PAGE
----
AirTran aai resumed its pursuit of Midwest Air meh on Tuesday with a new cash-and-stock bid topping the $16-a-share cash offer made Sunday by TPG Capital and Northwest Airlines nwa.
Atlanta-based AirTran is offering $10 in cash and AirTran stock worth $6.25 for every share of Milwaukee-based Midwest. AirTran values its offer at $445 million.
On Sunday, AirTran dropped out of the bidding for Midwest, which it started in December. It pulled out rather than try to outbid Fort Worth-based TPG, the takeover firm headed by David Bonderman. Previously known as Texas Pacific Group, TPG has invested in several airlines since it took over a then-bankrupt Continental Airlines in the early 1990s.
Before Sunday, AirTran was offering $9.50 a share plus just over half a share of AirTran stock for each Midwest share to be bought. It then made a supposedly final cash-and-stock offer worth $15.50 per Midwest share, or about $431 million, that was beaten by TPG's all-cash offer worth $400 million.
AirTran President Bob Fornaro said his carrier dropped out of the bidding at that point because, "We didn't want to be a stalking horse for some other bidder." But late Tuesday, just after stock trading ended on Wall Street, AirTran jumped back into the battle with its $16.25-a-share offer.
Fornaro said AirTran officials studied the TPG/Northwest offer and plans, and heard from Midwest shareholders, employees and some people in the Milwaukee community. Those people, he said, fear a TPG/Northwest takeover will mean service reductions at Milwaukee, lost jobs and reduced economic activity for Milwaukee, and higher travel prices for consumers.
Earlier Tuesday, Pequot Capital, Midwest's largest shareholder, with almost 9% of the carrier's stock, said in a filing with the Securities and Exchange Commission that it wasn't convinced the TPG/Northwest $16-a-share bid was better than AirTran's Sunday offer of $15.75.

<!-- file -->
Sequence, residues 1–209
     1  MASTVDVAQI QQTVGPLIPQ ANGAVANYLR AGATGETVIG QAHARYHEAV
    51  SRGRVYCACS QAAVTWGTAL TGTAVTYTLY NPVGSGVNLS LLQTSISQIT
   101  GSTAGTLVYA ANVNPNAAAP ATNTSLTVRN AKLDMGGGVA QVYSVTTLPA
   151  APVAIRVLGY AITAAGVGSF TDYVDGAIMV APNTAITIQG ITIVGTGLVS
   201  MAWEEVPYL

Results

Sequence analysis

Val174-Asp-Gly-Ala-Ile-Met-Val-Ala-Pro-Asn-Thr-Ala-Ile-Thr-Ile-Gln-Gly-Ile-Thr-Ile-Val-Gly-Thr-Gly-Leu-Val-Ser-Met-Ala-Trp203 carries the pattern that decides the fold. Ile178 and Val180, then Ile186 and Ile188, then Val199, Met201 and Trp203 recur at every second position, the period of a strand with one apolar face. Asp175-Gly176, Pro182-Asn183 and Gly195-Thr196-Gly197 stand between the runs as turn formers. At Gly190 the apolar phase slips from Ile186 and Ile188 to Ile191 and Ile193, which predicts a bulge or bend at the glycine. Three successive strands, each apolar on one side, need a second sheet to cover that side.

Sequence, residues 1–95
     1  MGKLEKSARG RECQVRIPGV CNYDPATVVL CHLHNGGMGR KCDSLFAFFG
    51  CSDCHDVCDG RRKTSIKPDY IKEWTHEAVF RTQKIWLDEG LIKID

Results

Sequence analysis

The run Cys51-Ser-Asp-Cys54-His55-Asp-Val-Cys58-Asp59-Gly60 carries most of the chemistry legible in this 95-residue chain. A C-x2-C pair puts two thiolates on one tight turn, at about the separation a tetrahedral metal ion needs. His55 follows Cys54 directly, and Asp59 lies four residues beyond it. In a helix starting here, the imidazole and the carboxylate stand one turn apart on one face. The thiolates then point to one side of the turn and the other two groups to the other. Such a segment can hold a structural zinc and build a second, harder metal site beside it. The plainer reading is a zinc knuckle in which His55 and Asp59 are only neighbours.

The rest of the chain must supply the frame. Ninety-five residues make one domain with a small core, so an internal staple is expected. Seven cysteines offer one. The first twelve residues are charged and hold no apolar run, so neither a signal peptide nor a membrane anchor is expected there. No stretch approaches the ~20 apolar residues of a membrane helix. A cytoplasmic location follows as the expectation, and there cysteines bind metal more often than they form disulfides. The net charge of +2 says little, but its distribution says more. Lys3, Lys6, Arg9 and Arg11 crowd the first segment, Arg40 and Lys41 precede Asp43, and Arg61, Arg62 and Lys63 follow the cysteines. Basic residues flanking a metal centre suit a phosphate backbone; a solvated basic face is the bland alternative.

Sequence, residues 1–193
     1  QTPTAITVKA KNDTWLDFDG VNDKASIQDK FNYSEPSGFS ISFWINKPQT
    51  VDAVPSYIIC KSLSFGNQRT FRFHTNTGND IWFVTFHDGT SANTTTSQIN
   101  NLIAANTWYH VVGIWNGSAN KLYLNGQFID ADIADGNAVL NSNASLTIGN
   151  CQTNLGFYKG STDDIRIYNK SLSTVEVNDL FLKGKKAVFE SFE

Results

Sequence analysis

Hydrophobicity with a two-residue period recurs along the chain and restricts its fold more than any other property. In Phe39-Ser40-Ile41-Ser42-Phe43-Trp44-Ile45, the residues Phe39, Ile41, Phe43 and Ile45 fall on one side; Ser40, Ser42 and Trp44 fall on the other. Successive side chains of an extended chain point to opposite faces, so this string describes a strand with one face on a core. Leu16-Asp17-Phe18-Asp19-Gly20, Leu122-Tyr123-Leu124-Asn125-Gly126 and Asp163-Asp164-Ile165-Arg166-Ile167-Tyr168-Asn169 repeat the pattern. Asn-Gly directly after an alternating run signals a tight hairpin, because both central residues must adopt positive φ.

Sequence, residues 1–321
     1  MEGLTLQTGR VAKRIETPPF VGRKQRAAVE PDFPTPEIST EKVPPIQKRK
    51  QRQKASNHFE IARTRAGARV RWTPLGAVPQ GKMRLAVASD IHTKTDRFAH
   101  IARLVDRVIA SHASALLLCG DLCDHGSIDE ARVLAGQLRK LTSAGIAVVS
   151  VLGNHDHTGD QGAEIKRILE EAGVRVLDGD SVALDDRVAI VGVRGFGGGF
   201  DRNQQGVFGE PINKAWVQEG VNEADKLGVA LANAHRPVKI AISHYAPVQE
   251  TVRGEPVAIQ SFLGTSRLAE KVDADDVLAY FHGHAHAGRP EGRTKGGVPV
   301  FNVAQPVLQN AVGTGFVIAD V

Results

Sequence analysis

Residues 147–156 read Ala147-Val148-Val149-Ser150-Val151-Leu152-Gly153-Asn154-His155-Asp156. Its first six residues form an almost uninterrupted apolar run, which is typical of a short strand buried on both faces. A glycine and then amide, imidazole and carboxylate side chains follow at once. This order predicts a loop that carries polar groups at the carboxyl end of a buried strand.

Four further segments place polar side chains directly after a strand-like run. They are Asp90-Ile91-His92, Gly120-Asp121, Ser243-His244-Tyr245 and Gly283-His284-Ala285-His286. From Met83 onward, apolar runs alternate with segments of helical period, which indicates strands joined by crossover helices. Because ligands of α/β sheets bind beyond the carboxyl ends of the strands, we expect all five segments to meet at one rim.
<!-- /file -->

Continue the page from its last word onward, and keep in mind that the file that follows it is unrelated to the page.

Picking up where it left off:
"We believe there is significantly more upside in AirTran's cash-and-stock offer than a nominally higher all-cash deal," said Pequot managing director Steve Pigott in a letter to Midwest that was part of the filing.
For TPG to get the kind of returns it normally gets from its investments in airlines and other companies, Midwest would have to shrink significantly, Fornaro said. And that appears to be fine with TPG's investment partner Northwest, he added.
"Frankly, Northwest is trying to limit competition in the upper Midwest," Fornaro said. "This is a blocking move, and Midwest is a pawn. The customers of Midwest and its employees are the losers, along with the Milwaukee community. "
Spokesmen for both TPG and Northwest late Tuesday declined to comment on AirTran's renewed bid.
Fornaro said Wisconsin corporate law on takeovers, which applies because Midwest is incorporated in that state, requires that board members of a targeted company not only consider the price of a takeover offer but also the effect on employees and the community. "On all three scores, our bid wins," he said. AirTran shares closed at $10.35 Tuesday, up 3 cents — the only large U.S. carrier's shares to rise on the day.
Fornaro said he disagreed with some industry analysts who have said publicly that AirTran would do better without a merger than with it. "We have Plan A and Plan B. It's just a matter of deciding which is better. We think the merger is better, they don't. But either way, they like AirTran's prospects," Fornaro said.